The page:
For those who want to experience the Caribbean, Jimmy Buffet-style, it's hard to beat the "sun sand and sips" ambience of a Windjammer sailboat. The second vessel in Island Windjammers' fleet, 125-foot Sagitta maintains the charm of its smaller counterpart Diamant while embarking from easier-to-get-to ports.
Now-defunct Windjammer Barefoot Cruises had quite the Bacchanalian reputation, complete with wild costume parties and constant drinking games. Island Windjammers is decidedly tamer, with most passengers coming aboard for snorkeling and the chance to view the Caribbean at close range.
Most days are spent hanging out with fellow sun-seekers, swapping stories and socializing. Those who do imbibe will appreciate Sagitta's always-available cooler full of beer and soda, rum punche and free-flowing wine at dinner -- all included in the price. Passengers are also allowed to bring their own liquor onboard without restrictions, a welcome contrast to most mainstream lines.
One feature of small ships is that they can anchor in bays and marinas where larger cruise ships can't go. For the most part, Island Windjammers includes a few well-traveled ports in Sagitta's itinerary; we embarked in St. Maarten, for example, and the ship will move into the U.S. and British Virgin Islands in 2015. But it also hits offbeat stops, such as Anguilla, Nevis and St. Eustatius, making it a perfect vessel for the island collector.
There's no getting around it: On a ship this size, you do feel the ocean's motion, and it can take a day or two to adjust, particularly when traversing open water. You'll also experience close quarters, as the ship only holds 24 passengers in sailing-style cabins. A few obnoxious people could really make an impact on your trip.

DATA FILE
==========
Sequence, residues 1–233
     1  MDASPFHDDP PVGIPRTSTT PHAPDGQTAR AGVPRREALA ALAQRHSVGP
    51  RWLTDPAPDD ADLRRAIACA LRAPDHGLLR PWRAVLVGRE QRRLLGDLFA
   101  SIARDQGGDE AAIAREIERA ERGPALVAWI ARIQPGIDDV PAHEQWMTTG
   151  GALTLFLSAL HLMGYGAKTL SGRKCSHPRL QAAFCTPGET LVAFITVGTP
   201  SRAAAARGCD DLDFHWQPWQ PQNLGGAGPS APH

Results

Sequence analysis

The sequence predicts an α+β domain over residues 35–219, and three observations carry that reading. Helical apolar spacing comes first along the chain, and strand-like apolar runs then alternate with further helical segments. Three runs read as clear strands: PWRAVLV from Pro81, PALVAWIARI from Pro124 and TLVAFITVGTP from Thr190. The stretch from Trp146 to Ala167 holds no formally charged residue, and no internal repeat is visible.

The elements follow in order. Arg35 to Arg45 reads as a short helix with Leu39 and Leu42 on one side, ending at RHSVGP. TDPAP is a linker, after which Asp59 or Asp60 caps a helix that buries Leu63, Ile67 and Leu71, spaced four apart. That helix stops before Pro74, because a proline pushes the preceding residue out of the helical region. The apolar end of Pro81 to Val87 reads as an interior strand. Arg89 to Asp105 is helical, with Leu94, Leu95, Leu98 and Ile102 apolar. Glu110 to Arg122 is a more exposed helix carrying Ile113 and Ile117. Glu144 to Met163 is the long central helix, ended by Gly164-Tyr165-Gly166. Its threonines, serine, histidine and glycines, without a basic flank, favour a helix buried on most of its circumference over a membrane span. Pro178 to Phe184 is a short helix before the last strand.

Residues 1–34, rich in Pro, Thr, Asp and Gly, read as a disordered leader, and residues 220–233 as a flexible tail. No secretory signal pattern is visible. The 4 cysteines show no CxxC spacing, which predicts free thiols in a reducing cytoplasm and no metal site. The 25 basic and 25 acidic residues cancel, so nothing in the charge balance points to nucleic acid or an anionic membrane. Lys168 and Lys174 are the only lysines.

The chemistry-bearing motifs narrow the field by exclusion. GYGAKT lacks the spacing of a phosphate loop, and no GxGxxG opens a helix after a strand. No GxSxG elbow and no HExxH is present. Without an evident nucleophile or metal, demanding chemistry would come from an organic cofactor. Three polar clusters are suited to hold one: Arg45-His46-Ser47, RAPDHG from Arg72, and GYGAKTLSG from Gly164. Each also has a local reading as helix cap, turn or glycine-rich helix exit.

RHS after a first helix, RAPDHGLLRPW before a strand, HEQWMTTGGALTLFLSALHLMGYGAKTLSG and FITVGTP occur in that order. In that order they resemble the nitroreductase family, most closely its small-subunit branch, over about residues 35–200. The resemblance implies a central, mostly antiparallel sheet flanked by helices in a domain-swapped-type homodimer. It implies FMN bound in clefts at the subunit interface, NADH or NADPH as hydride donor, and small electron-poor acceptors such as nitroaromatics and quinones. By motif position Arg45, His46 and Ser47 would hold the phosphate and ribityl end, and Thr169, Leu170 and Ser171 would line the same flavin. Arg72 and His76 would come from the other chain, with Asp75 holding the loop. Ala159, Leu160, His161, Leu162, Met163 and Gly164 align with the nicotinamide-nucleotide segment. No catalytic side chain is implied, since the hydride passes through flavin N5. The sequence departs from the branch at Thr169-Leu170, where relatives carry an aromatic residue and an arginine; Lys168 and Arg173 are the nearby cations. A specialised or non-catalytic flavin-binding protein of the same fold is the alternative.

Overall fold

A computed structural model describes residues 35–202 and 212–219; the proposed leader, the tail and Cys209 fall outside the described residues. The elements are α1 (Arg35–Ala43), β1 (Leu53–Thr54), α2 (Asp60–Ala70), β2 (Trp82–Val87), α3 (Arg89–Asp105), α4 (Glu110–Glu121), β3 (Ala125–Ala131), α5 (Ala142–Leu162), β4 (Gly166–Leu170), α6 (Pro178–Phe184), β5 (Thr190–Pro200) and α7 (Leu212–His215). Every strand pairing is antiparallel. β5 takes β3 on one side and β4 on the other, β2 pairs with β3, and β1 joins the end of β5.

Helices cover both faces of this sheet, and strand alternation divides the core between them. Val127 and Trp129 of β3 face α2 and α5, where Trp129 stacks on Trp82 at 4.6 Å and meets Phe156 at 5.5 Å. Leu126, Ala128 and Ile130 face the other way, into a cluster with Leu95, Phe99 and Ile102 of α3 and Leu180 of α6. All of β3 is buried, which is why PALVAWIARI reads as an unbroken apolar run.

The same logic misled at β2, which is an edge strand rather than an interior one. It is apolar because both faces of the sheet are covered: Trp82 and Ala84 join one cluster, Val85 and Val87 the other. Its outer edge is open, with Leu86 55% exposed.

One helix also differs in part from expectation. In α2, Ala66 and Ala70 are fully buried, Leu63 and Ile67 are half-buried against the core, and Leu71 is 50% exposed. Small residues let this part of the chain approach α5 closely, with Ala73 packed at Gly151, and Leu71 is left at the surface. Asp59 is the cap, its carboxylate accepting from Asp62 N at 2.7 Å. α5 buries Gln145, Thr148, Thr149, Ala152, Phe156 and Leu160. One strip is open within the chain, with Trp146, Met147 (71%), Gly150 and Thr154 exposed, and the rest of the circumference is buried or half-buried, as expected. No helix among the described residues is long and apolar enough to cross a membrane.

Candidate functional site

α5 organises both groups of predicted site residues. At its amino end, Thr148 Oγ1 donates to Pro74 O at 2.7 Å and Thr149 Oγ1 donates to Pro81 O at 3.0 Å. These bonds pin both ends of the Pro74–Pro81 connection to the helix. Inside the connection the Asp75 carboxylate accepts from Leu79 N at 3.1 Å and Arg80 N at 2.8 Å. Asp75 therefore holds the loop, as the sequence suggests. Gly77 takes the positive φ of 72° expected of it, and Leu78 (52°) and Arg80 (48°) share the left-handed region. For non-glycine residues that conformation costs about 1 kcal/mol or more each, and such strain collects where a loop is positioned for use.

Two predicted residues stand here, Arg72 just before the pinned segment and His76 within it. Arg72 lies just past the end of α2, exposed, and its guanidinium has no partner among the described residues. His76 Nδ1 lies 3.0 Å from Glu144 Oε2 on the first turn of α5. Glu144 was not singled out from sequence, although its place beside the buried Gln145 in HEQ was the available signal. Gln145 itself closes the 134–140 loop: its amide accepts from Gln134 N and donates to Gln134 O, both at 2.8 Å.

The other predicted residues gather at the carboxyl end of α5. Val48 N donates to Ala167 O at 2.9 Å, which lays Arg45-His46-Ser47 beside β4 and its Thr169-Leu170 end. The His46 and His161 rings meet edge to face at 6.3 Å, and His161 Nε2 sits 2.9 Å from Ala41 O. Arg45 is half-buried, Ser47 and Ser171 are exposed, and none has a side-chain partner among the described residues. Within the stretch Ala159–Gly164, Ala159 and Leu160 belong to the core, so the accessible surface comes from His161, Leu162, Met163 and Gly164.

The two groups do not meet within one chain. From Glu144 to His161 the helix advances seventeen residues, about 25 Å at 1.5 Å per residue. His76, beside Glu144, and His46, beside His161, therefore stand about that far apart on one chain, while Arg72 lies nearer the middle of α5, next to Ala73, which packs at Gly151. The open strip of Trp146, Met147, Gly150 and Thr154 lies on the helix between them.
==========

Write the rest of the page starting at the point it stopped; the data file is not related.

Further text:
Yet, despite these limitations, Windjammer cruising attracts a lively crowd that tends to go with the flow. You're likely to walk away from Sagitta with a bunch of new best friends -- so your Margaritaville memories might last long after your cruise.
Sagitta attracts small-ship devotees, many of whom sailed with the original Windjammer Barefoot Cruises. Expect mostly North American Baby Boomers, with a few old salts in their 80s (although the casual nature of the ship is attracting more and more 30- and 40-somethings).
Get a pedicure before you go; in true barefoot fashion, Sagitta encourages passengers to leave their sandals on the top deck. Swimsuits, T-shirts and cover-ups dominate during the day, with shorts and sundresses sufficing for dinner.
Island Windjammers suggests a tip of $150 per passenger, per week, although it's not required; you can add it to your credit card at the end of the trip. Tipping individual crewmembers is not encouraged, although it's tempting; the intimate nature of the ship means that you get to know the staff almost as well as your fellow sailors. (The captain eats most meals with the passengers.)